Black Mask 
Suitable for 18 years and over
Martial Arts, Sci-Fi
USA / English
With John Woo having transformed himself into a blockbuster hack for hire, and Jackie Chan cracking jokes in no-brainer films like Rush Hour
, it might be worth remembering how both got their kick-start in Hollywood: through the stripped-down mayhem of the Hong Kong action flick, of which Black Mask
is very possibly the greatest example of recent times.
Easy-going librarian (no, we're not making this up) Michael (Jet Li, now successfully carving out a career in the US himself in such films as Lethal Weapon 4) has a secret. Prior to securing his job among the dusty hardbacks, Michael was a "701", a genetically engineered superman created by the authorities to help fight crime.
The trouble is, the rest of his old compadres have now gone mad, and are busy taking over the local crime and drug scenes. Cue, of course, some explosions, some gunplay and an awful lot of exquisitely choreographed fight scenes, which is where Li, notwithstanding the occasional crafty one-liner, does what he does: cracking heads like some kind of intensely hard ballerina. As he pirouettes effortlessly atop a series of girders on a downtown building site, it's hard not to feel a quiet sense of awe--even among viewers for whom an ability to render one's enemies unconscious with one's feet isn't the first thing we look for in a movie star. Brutal, minimalist and expertly made, Black Mask is a masterpiece of the genre. --Danny Leigh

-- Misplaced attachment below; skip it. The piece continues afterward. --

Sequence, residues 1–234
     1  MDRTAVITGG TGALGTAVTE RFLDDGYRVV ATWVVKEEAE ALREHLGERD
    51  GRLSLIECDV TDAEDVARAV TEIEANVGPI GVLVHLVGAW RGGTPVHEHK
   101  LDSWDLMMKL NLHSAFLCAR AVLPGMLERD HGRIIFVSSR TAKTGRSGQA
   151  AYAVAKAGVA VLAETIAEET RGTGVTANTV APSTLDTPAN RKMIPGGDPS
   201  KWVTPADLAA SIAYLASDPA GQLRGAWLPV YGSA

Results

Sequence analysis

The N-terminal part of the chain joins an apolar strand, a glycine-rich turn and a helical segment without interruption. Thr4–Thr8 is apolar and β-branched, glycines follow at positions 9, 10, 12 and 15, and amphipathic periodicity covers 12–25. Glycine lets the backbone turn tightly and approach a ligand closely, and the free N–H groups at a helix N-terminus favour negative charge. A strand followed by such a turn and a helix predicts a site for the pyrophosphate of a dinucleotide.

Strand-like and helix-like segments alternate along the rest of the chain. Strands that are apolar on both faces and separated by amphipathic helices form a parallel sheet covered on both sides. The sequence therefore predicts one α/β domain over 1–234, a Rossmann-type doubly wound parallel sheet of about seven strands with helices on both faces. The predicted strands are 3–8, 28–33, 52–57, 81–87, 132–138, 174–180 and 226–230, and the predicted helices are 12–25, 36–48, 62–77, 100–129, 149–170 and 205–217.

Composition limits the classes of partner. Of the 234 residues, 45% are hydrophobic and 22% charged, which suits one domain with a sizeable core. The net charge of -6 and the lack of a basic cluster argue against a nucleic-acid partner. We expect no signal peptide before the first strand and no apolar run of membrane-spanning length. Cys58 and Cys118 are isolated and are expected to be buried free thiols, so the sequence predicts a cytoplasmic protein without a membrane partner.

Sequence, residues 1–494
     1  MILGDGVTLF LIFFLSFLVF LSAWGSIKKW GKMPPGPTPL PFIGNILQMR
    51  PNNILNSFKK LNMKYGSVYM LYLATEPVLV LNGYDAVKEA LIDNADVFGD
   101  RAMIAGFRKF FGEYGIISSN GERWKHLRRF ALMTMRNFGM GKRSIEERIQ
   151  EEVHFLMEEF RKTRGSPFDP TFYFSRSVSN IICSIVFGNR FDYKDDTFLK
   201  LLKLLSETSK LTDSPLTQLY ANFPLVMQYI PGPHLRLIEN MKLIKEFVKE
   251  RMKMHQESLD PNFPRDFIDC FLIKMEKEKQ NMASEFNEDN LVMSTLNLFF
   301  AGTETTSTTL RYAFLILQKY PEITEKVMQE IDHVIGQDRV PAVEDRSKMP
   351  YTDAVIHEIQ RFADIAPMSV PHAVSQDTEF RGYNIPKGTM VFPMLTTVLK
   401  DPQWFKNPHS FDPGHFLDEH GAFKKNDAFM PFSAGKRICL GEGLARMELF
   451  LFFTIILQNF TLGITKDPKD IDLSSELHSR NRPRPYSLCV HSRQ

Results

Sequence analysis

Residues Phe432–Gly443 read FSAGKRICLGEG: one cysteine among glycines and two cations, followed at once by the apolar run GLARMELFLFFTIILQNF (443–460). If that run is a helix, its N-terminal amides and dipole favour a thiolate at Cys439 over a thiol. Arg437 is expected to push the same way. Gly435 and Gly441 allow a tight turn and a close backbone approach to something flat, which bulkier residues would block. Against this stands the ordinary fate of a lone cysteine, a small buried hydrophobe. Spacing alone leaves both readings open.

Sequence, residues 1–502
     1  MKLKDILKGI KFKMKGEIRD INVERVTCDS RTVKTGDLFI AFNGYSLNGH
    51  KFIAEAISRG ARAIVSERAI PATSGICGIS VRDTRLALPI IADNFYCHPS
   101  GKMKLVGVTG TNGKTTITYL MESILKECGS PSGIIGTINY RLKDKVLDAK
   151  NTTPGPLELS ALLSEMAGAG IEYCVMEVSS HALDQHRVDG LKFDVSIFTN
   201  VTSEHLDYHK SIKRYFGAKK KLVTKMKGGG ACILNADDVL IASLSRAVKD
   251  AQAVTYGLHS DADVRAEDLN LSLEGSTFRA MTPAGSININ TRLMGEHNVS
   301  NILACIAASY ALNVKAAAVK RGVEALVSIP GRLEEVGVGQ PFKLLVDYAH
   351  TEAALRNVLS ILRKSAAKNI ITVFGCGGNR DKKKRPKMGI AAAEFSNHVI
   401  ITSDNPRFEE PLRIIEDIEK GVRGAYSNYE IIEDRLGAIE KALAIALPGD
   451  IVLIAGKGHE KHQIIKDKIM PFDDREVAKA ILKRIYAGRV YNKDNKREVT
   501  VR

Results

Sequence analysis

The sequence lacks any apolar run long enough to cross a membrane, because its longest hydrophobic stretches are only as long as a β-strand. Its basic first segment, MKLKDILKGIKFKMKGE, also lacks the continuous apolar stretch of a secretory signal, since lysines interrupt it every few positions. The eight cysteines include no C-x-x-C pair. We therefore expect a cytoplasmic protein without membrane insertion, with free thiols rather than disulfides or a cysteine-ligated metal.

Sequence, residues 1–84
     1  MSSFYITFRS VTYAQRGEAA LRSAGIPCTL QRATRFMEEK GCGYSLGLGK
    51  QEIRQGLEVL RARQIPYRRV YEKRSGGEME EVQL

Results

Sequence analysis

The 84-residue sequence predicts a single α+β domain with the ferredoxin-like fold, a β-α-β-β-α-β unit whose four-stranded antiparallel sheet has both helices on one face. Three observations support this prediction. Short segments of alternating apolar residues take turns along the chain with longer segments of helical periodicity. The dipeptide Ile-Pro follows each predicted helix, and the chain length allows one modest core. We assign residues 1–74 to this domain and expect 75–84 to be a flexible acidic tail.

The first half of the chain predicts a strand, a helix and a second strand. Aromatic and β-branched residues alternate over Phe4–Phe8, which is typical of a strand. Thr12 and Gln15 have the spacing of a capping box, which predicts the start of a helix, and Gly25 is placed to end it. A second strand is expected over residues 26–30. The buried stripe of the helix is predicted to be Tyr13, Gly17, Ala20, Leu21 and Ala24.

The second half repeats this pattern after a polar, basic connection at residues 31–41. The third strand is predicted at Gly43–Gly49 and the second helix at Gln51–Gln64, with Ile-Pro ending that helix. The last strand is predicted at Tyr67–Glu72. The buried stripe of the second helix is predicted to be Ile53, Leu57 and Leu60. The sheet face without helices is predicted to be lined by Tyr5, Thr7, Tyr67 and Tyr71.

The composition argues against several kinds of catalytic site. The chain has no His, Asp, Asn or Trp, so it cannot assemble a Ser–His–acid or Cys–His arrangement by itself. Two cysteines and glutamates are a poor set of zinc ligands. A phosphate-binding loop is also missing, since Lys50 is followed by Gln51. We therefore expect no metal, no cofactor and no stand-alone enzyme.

|Nr of Disks/Tapes